Texas A&M Bonfire Accident Kills 9
Texas A&M Bonfire Accident Kills 9
Nov. 18, 1999
COLLEGE STATION, Texas (AP) _ A 40-foot pyramid of logs being assembled for Texas A&M's annual bonfire collapsed early today while dozens of students were working on it. At least nine students were killed and 28 injured.
Authorities said six bodies were taken from the rubble. And Kem Bennett, director of Texas Task Force I, a state-run rescue unit, said he saw at least three more bodies in the wreckage.
Bart Humphreys, a fire department spokesman, had said earlier that five students were unaccounted for.
In the hours after the 2:30 a.m. collapse, rescuers pulled four students from the rubble alive, Humphreys said. One student was pulled free more than six hours later.
Even after that, Cynthia Lawson, a spokeswoman for the university, said crews using sound detectors could hear ``moaning and tapping sounds,'' leading them to believe one or more students was still trapped alive. But the rescuers stopped hearing sounds after 11 a.m., she said.
Cranes were removing logs gingerly, one by one, in the search for more students.
``Every piece of wood in that pile is unstable and every piece of wood that moves affects other pieces of lumber,'' Humphreys said.
Students who had been looking forward to the huge bonfire, a tradition since 1909 to get fans ready for the football game against archrival University of Texas, were instead in mourning.
Some gathered near the scene, a field on the northeast corner of the campus, holding hands and praying while the rescue efforts continued.
``The scene right now is a scene of disbelief,'' said Sallie Turner, editor of the Battalion, the student newspaper. ``A lot of the students just feel it's surreal.''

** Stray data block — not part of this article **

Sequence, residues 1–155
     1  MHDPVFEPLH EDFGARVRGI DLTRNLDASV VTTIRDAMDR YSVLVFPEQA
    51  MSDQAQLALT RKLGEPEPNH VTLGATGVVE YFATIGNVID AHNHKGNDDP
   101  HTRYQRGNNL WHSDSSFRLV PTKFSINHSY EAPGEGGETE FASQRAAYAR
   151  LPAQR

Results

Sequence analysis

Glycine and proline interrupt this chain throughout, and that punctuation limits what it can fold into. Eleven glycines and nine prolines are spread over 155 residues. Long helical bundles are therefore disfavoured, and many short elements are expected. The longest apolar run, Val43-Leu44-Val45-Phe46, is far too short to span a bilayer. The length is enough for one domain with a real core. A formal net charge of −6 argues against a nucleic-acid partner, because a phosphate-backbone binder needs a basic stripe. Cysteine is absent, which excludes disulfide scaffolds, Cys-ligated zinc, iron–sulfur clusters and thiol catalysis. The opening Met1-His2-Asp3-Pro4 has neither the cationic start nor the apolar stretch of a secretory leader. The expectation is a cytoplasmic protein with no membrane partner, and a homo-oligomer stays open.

Patrick Freshwater, a so-called ``pothead'' because of the hard hats the students wear while helping assemble the bonfire, was helping clear away the logs today after the accident.
``I've never seen anything like this,'' Freshwater said. ``It's something you don't ever want to feel. I went to my class and there was nobody there. The teacher wasn't even there, because no one can go to class when this is going on.''
University President Ray Bowen said the 28 students' injuries vary and some were in ``quite serious shape.'' At least three were in critical condition.
Officials conducted head counts at residence halls in an effort to account for everybody who may have been working on the structure. Some 60 to 70 students were believed to be on it when it fell.
Rusty Thompson, assistant director of the Memorial Student Center and the bonfire faculty adviser, said students told him ``there was just a sudden movement. Five to seven seconds and it was on the ground.''
Gov. George W. Bush choked up when he discussed the accident in a CNN interview. ``I just can't imagine what that means to have that happen to them,'' he said. ``It's sad, it's tough.''